Keen J, Farcas GA, Zhong K, et al. Real-time PCR assay for rapid detection and analysis of PfCRT haplotypes of chloroquine-resistant Plasmodium falciparum isolates from India. J Clin Microbiol. 2007;45:2889–2893.

Correspondence: Kevin C. Kain at

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Link between polymorphisms of the estrogen receptor-beta gene and cardiac disease risk Link between polymorphisms of the estrogen receptor-beta gene and cardiac disease risk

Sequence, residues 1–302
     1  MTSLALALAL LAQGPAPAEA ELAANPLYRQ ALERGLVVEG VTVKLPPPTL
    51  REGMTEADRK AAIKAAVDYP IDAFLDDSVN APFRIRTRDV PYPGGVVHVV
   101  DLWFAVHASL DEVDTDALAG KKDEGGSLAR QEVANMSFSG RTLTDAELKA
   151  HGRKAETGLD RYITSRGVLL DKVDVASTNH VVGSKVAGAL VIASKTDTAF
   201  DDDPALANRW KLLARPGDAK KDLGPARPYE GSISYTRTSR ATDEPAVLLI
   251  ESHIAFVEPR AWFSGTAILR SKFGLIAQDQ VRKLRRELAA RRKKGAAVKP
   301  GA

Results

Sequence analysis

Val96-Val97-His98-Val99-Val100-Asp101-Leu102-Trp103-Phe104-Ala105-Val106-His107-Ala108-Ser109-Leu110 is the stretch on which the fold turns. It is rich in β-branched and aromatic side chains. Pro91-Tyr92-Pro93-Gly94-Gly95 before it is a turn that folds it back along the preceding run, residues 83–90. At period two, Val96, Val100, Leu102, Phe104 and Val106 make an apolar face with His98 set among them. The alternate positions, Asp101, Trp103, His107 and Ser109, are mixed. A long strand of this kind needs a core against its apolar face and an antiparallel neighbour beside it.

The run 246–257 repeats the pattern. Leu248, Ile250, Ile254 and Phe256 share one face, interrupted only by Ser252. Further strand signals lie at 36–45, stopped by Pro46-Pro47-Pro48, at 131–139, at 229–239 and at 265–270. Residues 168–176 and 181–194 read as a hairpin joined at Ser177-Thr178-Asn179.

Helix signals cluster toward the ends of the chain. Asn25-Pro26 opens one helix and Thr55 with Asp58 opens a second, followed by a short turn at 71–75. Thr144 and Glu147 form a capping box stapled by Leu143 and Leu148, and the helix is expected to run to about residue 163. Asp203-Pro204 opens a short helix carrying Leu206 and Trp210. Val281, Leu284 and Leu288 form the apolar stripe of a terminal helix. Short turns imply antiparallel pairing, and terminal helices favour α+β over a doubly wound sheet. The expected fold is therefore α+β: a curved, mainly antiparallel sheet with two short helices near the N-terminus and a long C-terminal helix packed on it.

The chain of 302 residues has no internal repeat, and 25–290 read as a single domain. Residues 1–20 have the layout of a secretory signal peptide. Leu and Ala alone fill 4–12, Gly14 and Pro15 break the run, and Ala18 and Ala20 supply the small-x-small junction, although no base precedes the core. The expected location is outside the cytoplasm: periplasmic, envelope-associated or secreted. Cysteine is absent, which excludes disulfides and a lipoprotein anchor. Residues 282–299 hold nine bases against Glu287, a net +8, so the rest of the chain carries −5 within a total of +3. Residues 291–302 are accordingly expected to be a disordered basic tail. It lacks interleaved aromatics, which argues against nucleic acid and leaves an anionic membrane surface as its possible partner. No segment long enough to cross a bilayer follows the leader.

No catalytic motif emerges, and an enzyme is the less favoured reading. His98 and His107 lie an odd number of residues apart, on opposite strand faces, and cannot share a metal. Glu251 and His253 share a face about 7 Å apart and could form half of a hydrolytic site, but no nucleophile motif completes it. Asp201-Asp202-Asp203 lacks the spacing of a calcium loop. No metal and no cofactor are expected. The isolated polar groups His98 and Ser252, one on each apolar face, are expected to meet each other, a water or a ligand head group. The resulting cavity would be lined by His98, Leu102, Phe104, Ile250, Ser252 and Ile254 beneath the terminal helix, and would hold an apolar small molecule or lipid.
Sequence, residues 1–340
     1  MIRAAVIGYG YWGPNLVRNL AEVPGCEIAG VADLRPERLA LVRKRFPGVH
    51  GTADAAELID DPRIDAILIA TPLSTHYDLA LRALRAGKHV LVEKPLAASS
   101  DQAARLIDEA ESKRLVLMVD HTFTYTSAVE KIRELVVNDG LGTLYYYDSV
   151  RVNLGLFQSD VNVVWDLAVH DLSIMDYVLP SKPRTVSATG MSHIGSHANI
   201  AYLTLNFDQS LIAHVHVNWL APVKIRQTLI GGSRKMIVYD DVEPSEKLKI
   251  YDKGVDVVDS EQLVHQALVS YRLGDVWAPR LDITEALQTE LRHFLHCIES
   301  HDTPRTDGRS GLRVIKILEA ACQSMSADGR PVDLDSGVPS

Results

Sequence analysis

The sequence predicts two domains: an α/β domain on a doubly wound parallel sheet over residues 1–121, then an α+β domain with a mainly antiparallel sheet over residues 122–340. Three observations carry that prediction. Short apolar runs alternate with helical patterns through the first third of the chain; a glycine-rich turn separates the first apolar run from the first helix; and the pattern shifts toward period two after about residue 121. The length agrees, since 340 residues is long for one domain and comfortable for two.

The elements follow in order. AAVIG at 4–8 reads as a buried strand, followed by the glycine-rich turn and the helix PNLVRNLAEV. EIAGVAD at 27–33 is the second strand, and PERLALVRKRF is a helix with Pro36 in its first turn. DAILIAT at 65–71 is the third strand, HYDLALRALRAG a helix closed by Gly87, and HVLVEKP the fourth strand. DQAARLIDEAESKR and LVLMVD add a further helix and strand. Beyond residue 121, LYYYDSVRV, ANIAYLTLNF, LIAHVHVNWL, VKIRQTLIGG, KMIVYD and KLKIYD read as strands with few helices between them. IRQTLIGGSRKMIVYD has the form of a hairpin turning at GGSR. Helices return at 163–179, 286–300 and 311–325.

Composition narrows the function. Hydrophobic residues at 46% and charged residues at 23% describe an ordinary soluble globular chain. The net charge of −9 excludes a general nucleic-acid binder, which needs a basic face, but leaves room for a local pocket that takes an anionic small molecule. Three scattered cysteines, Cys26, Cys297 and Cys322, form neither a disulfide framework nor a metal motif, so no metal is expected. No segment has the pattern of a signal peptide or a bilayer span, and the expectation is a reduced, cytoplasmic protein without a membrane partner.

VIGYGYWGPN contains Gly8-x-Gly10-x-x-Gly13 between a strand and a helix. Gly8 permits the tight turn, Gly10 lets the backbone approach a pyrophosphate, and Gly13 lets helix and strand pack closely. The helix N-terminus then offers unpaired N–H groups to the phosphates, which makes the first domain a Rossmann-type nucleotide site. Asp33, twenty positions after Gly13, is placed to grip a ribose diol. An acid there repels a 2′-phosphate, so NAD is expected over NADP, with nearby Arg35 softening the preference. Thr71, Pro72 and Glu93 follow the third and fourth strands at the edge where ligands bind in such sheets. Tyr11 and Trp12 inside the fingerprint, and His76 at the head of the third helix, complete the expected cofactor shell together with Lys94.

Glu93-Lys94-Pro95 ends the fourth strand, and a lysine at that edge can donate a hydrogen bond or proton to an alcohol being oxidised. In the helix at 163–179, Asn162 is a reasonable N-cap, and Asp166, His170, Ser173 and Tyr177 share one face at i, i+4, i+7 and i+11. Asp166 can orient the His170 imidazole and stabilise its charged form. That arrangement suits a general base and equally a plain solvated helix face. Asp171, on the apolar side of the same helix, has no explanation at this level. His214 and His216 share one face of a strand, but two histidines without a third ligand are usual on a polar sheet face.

The development of atherothrombotic cardiovascular disease is likely polygenic. The cardiovascular effects of estrogen are mediated through binding to specific estrogen receptors at the cytosolic and nuclear level. Two estrogen receptors have been identified: estrogen receptor-α (ER-α) and estrogen receptor-β (ER-β). Polymorphisms of the ER-α gene (ESR1) recently have received attention as possible contributors to cardiovascular disease risk in men and women, but the relationship between genetic variation of the ER-β gene (ESR2) and cardiovascular disease has not been as well studied. Several lines of evidence support a potential role of ESR2 in cardiovascular disease. ER-β is highly expressed in endothelial and vascular smooth muscle cells and has been associated with coronary plaque. In autopsy studies, ER-β expression positively correlates with increased coronary artery plaque area in women and men. Polymorphisms of ESR2 have been associated with left ventricular mass and left ventricular wall thickness in women but not men. ESR2, located on chromosome 14 q22–24, comprises eight exons. The authors evaluated three polymorphisms in the ESR2 gene, as well as their associated haplotypes, with risk of CVD (defined as myocardial infarction or ischemic stroke) among men in the Physicians’ Health Study (PHS) and women in the Women’s Health Study (WHS) using a nested case-control design. The study involved 296 white women and 566 white men who developed cardiovascular disease, each matched 1:1 to a member of the cohort study who remained free from the disease. Blood samples and cardiovascular risk information were collected at baseline. Women, but not men, who developed cardiovascular disease or myocardial infarction, but not ischemic stroke, were more likely to have the rs1271572 polymorphism variant T allele (P=.05 and .02) and less likely to have the rs1256049 polymorphism variant A allele (P=.003 and .004). No associations were observed for rs4986938. In conditional logistic multivariate regression, the rs1271572 variant was associated with increased odds of cardiovascular disease (odds ratio, 1.49; 95 percent confidence interval [CI], 1.10–2.01) and myocardial infarction (odds ratio, 1.46; 95 percent CI, 0.96–2.23), whereas the rs1256049 variant was associated with decreased odds of cardiovascular disease (odds ratio, 0.37; 95 percent CI, 0.17–0.79) and myocardial infarction (odds ratio, 0.25; 95 percent CI, 0.09–0.73) in women. A common haplotype that included the rs1271572 variant was associated with a seven-fold increased risk of myocardial infarction in women. The authors concluded that two tightly linked polymorphisms of ESR2 were associated with risk of cardiovascular disease, particularly myocardial infarction, in women but not men. Additional studies of ESR2 genetic variation and risk of cardiovascular disease are warranted.